Lajja Singh succeeded his father in the darbar (court) of Kabul and he was appointed a General by Ahmed Shah Abdali on his return to Kabul. Later he was created a Palki-nashin and Bara Hazari (commander of 12,000 men) by Ahmed Shah , who was further pleased to grant him the title of ‘Bakshi’ – which is still borne by the family. Muqarab Khan Gakhar, who was appointed Governor of the territory between Jehlum and Attock, obtained the services of Lajja Singh and appointed him as his plenipotentiary. In fact, a seal bearing the name of Bakshi Lajja Singh was affixed on official dispatches. He died in 1779.
Bakshi Manh Singh was nazim of Rawalpindi district during the time of Mahraja Ranjit Singh in the 19th century.
In 2005, Kanwal Singh Bakhshi wrote a book, The Bakhshi Family of Kauntrila. The book focused on the family history of the Bakhshis of Kauntrila by compiling a pedigree chart of the Bakhshi family and old photographs. The Bakhshis of Kauntrila have a well-documented history, going back to the 16th century. After the collapse of Sikh power in 1849, the book further traces the lines of family descent.
Some houses of the Bakhshis are still in a good condition but the majestic haveli of Bakshi Ram Singh is dilapidated. Bakhshi ?Ram Singh, born in 1856, passed out from Thompson College at Roorki in 1876. He was presented with a photograph by the Queen-Empress in 1893 on his visit to England. He was an engineer in the Punjab Public Works Department (General Branch) and died in 1926 – he had no male issue.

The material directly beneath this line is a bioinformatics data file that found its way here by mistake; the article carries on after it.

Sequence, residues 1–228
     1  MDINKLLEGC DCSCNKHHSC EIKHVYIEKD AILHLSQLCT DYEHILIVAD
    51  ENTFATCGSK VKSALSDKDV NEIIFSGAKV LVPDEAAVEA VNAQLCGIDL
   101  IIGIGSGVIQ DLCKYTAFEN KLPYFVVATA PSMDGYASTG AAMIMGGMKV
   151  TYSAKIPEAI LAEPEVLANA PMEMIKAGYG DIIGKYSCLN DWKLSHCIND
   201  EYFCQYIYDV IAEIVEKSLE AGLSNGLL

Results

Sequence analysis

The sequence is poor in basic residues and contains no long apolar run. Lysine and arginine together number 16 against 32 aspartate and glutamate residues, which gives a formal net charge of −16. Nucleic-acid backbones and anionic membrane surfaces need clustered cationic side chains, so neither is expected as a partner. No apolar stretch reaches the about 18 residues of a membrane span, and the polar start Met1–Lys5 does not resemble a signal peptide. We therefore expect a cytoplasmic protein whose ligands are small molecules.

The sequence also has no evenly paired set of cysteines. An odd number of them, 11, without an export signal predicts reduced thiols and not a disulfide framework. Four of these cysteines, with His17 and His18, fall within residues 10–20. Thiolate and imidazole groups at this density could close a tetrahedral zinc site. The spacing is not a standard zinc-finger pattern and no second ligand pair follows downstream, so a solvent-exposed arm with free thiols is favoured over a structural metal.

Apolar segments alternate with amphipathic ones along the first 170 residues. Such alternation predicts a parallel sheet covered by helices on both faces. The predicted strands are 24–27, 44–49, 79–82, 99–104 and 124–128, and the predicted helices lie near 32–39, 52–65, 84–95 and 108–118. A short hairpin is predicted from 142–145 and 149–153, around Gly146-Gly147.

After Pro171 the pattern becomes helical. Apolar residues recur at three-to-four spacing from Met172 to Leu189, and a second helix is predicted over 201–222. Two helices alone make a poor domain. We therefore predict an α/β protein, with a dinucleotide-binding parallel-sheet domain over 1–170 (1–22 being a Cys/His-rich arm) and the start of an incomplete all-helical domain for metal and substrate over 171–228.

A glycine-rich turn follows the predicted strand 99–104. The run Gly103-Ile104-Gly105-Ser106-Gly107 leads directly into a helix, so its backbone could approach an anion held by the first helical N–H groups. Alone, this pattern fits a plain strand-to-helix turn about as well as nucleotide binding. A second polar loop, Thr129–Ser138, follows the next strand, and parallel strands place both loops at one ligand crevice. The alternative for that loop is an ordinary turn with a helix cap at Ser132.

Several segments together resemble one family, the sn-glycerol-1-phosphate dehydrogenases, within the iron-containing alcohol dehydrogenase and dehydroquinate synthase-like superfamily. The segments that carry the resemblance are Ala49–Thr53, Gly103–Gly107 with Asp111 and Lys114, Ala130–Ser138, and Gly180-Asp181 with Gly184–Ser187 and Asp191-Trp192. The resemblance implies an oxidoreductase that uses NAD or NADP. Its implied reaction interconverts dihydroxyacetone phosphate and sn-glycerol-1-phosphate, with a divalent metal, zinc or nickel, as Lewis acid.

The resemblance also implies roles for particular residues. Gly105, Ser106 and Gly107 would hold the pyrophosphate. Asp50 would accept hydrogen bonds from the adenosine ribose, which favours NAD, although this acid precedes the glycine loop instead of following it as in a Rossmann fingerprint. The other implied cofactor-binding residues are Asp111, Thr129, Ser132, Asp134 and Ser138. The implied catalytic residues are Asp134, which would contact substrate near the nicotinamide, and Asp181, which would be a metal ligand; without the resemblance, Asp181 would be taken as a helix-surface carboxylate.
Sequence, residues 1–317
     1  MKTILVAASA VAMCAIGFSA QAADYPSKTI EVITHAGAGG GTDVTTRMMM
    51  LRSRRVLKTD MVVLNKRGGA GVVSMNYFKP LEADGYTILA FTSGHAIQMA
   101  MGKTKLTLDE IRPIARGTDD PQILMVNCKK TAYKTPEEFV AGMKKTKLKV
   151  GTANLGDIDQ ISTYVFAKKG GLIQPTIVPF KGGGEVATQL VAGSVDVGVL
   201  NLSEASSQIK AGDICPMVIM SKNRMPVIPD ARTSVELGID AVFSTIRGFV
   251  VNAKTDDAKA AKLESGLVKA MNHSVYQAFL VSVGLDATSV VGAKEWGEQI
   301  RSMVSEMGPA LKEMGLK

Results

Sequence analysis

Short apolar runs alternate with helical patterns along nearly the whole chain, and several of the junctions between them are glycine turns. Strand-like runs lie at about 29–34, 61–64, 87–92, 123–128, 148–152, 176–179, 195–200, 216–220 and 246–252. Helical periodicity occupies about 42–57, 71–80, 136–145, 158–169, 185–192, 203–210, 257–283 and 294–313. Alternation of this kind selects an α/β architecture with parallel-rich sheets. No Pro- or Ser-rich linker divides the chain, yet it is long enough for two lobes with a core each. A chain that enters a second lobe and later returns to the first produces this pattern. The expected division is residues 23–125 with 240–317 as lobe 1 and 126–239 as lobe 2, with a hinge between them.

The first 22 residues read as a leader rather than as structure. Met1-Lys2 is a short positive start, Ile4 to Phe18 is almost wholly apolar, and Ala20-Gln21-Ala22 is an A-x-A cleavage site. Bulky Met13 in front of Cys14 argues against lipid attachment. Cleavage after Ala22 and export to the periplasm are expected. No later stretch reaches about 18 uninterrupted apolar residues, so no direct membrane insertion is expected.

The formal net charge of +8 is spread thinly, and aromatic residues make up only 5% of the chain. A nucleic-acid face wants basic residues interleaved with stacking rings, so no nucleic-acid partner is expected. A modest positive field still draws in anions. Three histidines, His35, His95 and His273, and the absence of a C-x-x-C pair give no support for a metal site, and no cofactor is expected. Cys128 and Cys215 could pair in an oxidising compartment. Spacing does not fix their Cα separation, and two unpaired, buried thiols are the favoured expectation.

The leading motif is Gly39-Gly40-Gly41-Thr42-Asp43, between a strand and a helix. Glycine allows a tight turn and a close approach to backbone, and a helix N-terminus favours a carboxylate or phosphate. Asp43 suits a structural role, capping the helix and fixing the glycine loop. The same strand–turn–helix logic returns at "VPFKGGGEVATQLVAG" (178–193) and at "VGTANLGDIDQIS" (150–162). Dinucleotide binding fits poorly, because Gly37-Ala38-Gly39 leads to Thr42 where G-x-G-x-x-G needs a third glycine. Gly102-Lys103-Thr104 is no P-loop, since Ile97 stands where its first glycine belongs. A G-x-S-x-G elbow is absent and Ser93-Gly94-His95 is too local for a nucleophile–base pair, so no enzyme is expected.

Kauntrila was resettled by the Bakhshis of Basali village, when Bakhshi Lajja Singh was chief
Until 1974, the haveli of Bakshi Ram Singh served as the Government Boys High School, Kauntrila.
Amongst the many notable personalities of Kauntrila who made their mark in history is Sardar Bahadur Bakhshi Jagat Singh, the great-great-grandson of Lajja Singh. Born in 1838, he enlisted in the 5th Bengal Cavalry in 1857, and later was promoted to the rank of Risaldar in the 18th Bengal Cavalry. He made his mark during second Afghan War – his gallantry and exceptionally valuable services were recognised through several medals. He was granted 1,000 acres of land and the title of Sardar Bahadur and the Order of British India (First class) was conferred on him. He retired at the rank of Risaldar Major in 1891, and was given the rank of honourary captain. He died in 1920. Sardar Bahadur Captain Jagat Singh was popularly known as ‘Bapu-ji’ to the Kauntrila community. The titles Sardar Bahadur and OBEI were further earned by his son Jaswant singh and his grandson Avatar Singh in their own rights later!
The village remained a home of warriors and administrators. ?Kauntrila and its heritage are a veritable window to the past.